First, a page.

DOWNTOWN BROOKLYN – As gentrification continues to steamroll through Downtown Brooklyn, one new project stands out as a crowd-pleaser with little controversy, the restoration of the old Paramount Theatre at Flatbush and Dekalb.
BSE Global (formerly Brooklyn Sports & Entertainment), which runs the nearby Barclays Center, chose the summer solstice to host a ceremonial groundbreaking event for the $50 million renovation announced in 2015. The restoration, led by BSE Global along with H3 Hardy Collaboration Architecture and Shawmut Construction, is scheduled to be completed in 2019.
Brooklyn Borough President Eric Adams established an optimistic mood at the ceremony, saying “There’s only two types of Americans, those who live in Brooklyn and those who wish they could,” while praising BSE Global’s CEO Brett Yormark as “the Michael Jordan” of “bringing entertainment and sports to this borough.”
The former Long Island University (LIU) gymnasium, which once hosted the LIU Blackbirds and even the short-lived Brooklyn Kings, is part of Yormark’s strategic vision for BSE Global. While the Barclays Center hosts major musical acts along with the Nets, he says the restored Paramount will give BSE Global “the ability to connect with artists early and often in their careers. Rising superstars will establish themselves playing in this room while growing towards performing on the big stage down the street at Barclay’s Center.”
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Along with creating an estimated 200 construction jobs during the next two years, the LIU venue provides a unique opportunity for the university. LIU President Kim Cline announced a plan to involve LIU students in managing the theater alongside BSE Global once it opens.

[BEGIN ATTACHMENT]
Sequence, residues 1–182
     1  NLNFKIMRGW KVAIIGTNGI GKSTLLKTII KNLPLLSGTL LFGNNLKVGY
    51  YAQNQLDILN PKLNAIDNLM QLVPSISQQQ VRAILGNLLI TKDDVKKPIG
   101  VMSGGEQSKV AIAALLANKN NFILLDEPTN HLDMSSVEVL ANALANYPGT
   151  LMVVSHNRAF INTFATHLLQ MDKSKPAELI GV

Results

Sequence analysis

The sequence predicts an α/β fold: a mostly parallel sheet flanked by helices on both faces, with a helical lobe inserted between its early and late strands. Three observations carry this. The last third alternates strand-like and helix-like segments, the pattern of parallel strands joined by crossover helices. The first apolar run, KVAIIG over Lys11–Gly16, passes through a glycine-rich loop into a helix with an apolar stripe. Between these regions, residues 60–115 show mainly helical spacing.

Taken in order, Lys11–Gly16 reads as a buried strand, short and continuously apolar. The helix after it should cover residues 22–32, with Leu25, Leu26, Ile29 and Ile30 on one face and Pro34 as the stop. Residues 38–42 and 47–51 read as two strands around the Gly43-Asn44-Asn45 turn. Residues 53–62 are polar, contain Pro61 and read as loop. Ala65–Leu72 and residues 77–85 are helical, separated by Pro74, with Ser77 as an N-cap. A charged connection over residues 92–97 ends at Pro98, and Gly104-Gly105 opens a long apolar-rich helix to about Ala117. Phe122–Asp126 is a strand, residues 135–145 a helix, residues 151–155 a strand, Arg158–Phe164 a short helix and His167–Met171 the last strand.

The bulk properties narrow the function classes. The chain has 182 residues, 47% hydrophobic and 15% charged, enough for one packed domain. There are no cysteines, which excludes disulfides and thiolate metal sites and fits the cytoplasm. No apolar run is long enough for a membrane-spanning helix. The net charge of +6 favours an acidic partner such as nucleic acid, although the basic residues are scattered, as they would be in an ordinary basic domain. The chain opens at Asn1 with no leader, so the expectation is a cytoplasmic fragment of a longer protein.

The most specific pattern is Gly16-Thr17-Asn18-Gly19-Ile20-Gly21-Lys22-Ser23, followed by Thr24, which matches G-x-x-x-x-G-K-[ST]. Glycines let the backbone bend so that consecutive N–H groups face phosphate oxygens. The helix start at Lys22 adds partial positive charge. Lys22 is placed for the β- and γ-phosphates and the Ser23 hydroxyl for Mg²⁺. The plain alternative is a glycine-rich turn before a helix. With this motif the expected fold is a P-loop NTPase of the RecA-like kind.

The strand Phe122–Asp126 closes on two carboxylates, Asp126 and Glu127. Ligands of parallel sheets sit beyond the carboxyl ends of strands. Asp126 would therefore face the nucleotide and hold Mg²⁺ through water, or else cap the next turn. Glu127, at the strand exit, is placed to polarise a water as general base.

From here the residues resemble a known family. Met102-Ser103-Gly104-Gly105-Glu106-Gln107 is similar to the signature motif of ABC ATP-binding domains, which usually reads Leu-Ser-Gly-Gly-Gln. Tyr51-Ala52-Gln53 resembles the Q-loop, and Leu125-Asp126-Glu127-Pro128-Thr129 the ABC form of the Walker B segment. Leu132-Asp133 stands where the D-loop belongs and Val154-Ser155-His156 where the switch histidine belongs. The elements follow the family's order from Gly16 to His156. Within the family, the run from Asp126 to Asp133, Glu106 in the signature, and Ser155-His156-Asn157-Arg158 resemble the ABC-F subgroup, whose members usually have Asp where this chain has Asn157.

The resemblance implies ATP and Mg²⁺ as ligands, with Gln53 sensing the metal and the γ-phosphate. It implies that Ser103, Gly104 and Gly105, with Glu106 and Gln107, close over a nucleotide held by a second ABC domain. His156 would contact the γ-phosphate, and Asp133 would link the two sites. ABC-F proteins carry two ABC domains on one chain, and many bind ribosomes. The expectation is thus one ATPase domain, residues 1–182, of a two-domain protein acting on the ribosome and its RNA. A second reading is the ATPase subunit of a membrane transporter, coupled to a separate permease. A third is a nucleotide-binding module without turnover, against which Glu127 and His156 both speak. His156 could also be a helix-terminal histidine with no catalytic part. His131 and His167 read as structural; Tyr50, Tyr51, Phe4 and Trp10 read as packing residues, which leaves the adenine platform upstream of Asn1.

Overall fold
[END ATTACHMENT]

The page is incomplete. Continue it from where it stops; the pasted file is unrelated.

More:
The groundbreaking proves that the story is not yet over for this landmark. For 90 years the ornate, late Baroque-style venue has adapted to the constantly changing landscape of Brooklyn. Originally a 4/26 Wurlitzer-equipped movie palace built by Paramount Pictures, the theater opened on November 24, 1928—the same month Herbert Hoover was elected—in a booming Brooklyn dotted with theaters built for a growing movie audience.
As with any boom, competition was tough, and the nearby Fox Theatre (at Nevins and Flatbush) had a three-month head start, 104 additional seats, and its own Wurlitzer that boasted 37 ranks. These classic movie palaces survived for decades by also hosting live music, which at the Paramount included rock ‘n’ roll greats such as Chuck Berry and Buddy Holly, as well as jazz legends Ella Fitzgerald and Miles Davis. By the late 1960s, both the Paramount and the Fox were closed. The Paramount survived under LIU ownership as a converted gymnasium while the Fox was completely demolished by 1971.
In a climate of frequent division as the old Brooklyn neighborhood gives rise to the new, the Paramount Theater is a survivor from another era that has somehow managed to find a home in 21st-century Brooklyn.